As dozens of new lithium-ion battery factories are already under construction in Europe, and many more are planned, Panasonic and Equinor have been investigating the potential for a green battery business in Norway.
Japanese company Panasonic is said to have signed a memorandum of understanding with Equinor and industrial group Hydro for the potential endeavour – and this news comes off the back of the announcement that start-up company FREYR has secured around $14m in pre-construction financing. The development will be Norway’s first gigawatt scale lithium battery manufacturing facility.
Panasonic makes lithium-ion batteries in partnership with Tesla, as well as at its own facilities, and the organisation has said that it will work with Equinor and Hydro in the summer to make an assessment on the European market. It’s thought that the lithium-ion batteries will be used for electric vehicles and other applications.
No decisions will be made until the assessment has been conducted, and the strategic partners are also thought to be considering the potential for establishing an integrated battery value chain, in addition to co-locating supply chain partners.
Battery storage is expected to play an increasingly important role in bringing energy systems to net zero emissions – by pooling different areas of energy expertise, companies will seek to create a battery business that is profitable, scalable and sustainable.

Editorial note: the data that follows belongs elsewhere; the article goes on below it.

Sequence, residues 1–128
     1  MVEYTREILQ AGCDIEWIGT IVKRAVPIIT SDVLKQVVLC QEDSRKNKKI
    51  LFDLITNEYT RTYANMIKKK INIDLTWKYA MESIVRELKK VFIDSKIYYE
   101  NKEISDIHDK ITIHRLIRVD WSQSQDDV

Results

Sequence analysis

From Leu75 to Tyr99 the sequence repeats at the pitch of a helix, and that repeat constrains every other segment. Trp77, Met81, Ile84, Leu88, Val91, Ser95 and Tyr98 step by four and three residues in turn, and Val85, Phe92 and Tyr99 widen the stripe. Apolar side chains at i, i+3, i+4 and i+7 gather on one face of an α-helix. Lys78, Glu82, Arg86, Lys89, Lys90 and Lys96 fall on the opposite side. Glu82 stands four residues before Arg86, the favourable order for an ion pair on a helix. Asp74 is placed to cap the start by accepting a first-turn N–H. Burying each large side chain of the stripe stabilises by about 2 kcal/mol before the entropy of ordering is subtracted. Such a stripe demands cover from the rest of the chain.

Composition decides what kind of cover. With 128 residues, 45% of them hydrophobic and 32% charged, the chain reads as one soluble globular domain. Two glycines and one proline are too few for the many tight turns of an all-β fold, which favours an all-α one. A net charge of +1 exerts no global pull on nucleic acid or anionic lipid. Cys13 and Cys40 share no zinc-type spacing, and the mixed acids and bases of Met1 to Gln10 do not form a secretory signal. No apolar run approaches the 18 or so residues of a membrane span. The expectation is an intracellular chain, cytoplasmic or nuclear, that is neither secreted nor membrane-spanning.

Meanwhile, start-up FREYR is targeting ‘rapid development’ of an initial 2GWh fab to begin construction this year, as part of a two-phase plan to build a further 34GWh of production; the company is said to have already signed deals for –
FREYR’s agreement with 24M – which claims its cell design and production processes allow for low-cost and modular manufacturing processes – was signed at the end of 2020. And it’s thought that 24M’s proprietary process uses electrodes 3-5 times thicker than those found in other lithium-ion batteries – potentially reducing the cost of manufacturing by as much as 50% over competitors.
The deal with FREYR will see the Norwegian company pay upfront and licensing fees to produce and cell battery cells, with licensing and service agreements currently being finalised by the pair. In late October, FREYR also signed an MoU with silicon-based advanced materials company Elkem for commercial supply of anode active materials (AAM) to the first factory under development.
The use of thicker semisolid electrodes is expected to significantly reduce the use of materials and capital investment compared to incumbent battery cell designs in addition to providing robust abuse tolerance, long life, 100% quality traceability and unique recycling attributes.